Buildings focus: Interview with Paul Clarke, director Clarke Group

Can you summarise your business and what you do?

We offer a design and build service to provide a full turn-key solution for poultry house construction; this includes all elements of Health & Safety and Project Management. We are based in Lincolnshire but operate nationwide with a workforce of over 60 employees.

How long since the business started and how has poultry building design changed during that period?

The business was established in 1971; developing from a small local joinery firm to a poultry construction specialist. Over the years we have seen a number of changes; in recent years we have seen a much higher percentage of clients opting for a clear span frame building versus the typical timber structure. There have been substantial technological advances in equipment and materials which we have actively incorporated in to our designs. We have also seen a greater emphasis on designing for bio-security as well as additional methods for bird welfare.

What have you learnt as a business during that period that’s enabled you to change and build better poultry housing?

We have project managed and completed an extensive number of poultry projects over the years – each bringing to light their own challenges, however, in so doing it has provided us with the opportunity to learn and develop as a company.

We have also recently partnered with Poultry Health Services giving us a greater insight in to the ever-changing requirements for bio-security compliance. This is putting us a step ahead the competition when creating our latest designs.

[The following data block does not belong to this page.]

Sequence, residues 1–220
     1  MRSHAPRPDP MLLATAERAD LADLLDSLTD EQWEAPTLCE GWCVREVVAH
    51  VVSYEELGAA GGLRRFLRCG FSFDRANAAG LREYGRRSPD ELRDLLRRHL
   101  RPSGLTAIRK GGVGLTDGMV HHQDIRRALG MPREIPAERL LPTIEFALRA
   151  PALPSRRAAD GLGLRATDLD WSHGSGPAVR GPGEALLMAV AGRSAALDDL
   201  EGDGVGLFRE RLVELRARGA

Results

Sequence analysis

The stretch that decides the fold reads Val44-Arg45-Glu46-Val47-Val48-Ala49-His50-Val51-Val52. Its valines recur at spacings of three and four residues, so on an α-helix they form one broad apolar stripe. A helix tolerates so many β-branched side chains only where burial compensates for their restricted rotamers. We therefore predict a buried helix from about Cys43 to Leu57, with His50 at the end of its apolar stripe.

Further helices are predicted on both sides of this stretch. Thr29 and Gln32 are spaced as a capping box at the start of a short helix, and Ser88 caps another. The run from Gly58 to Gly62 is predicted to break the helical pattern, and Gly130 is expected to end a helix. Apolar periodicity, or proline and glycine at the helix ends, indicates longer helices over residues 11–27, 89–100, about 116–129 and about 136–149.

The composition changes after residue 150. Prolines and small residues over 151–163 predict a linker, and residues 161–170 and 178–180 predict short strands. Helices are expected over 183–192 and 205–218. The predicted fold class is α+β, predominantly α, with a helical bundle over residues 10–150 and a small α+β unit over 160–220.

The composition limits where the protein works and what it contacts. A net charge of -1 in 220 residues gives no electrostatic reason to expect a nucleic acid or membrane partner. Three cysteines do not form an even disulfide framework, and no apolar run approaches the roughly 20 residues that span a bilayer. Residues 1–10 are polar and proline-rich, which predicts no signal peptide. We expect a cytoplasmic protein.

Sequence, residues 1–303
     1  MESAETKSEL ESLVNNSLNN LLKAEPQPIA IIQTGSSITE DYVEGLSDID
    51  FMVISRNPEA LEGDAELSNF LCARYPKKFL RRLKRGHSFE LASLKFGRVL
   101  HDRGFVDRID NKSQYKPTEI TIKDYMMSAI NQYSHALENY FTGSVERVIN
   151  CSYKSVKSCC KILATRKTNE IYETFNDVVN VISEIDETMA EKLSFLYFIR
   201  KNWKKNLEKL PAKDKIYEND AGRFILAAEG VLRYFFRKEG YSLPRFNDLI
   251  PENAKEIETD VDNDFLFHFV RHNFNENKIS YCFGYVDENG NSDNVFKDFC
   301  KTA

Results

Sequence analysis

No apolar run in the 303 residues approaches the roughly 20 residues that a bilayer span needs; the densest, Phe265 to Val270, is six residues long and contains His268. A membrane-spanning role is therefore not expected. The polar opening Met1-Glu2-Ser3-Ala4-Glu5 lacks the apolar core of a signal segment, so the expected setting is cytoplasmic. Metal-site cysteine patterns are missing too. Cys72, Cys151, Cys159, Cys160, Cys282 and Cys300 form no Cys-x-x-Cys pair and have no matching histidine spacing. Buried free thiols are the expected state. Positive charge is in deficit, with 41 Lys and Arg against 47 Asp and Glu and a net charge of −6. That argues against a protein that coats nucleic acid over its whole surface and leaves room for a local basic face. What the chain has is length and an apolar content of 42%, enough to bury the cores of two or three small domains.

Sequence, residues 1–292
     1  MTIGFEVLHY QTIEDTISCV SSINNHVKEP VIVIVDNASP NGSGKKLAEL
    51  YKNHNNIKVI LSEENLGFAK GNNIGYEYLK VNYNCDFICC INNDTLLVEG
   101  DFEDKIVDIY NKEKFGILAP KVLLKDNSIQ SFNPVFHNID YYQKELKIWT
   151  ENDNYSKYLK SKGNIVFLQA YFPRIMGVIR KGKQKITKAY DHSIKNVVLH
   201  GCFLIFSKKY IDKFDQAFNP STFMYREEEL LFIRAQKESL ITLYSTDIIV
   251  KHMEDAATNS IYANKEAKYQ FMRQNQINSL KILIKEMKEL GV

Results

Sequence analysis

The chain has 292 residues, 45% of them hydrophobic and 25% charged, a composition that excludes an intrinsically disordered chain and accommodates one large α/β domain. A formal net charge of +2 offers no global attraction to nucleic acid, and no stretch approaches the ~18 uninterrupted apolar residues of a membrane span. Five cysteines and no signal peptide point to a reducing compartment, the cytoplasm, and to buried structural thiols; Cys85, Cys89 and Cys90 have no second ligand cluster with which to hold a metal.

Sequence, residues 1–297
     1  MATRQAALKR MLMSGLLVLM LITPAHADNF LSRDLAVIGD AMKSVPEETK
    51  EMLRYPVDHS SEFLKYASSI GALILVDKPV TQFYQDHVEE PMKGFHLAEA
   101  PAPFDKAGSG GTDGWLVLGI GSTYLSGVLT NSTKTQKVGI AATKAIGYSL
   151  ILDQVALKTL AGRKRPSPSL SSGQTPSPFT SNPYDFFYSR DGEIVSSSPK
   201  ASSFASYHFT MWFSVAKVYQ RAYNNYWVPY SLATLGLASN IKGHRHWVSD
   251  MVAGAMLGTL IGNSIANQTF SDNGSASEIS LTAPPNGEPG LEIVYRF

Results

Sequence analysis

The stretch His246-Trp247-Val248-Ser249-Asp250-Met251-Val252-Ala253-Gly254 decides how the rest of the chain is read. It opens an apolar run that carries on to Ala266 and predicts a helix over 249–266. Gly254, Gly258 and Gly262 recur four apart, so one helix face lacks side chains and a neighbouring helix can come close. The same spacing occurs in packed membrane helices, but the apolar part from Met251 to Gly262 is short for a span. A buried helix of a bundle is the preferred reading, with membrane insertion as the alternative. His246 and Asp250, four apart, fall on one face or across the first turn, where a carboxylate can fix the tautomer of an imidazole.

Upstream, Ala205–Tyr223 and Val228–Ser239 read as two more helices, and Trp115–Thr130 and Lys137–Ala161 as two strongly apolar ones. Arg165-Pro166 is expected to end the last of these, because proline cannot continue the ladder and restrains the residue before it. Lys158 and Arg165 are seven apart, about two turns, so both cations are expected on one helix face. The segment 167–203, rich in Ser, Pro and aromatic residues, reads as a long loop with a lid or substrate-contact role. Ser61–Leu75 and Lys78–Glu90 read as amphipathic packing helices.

What frustrations do you have with how the industry is perceived? If you were in charge what would you change?

There seems to be a mis-conception in general of how live poultry farms operate. It would be beneficial to educate both the planners and the public to give them a better understanding of how un-invasive the farms truly are. At present this is being partially addressed by incorporating viewing galleries in to the poultry houses.

What are the biggest opportunities and threats to your business?

The biggest opportunity at present for the industry is a growing call for British reared meat, as well as the continued sustainable growth and investment to the sector. As with all farming sectors there is the possibility of a downturn however we feel very positive in our position moving forward.

What do you think the industry might look like in another 20 years in terms of building design and the structure of the poultry industry?

We hope that mainstream construction regulations will become a requirement across the sector; meaning that all Contractors will have to adhere to the same guidelines. This will not only level the playing field across Contractors but also offer the client the best possible construction package.

 

 

 

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